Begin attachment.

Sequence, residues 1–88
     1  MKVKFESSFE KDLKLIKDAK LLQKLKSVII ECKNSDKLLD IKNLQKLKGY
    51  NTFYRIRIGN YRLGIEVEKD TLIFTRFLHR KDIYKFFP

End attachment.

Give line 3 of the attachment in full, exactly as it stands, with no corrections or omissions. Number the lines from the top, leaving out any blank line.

    51  NTFYRIRIGN YRLGIEVEKD TLIFTRFLHR KDIYKFFP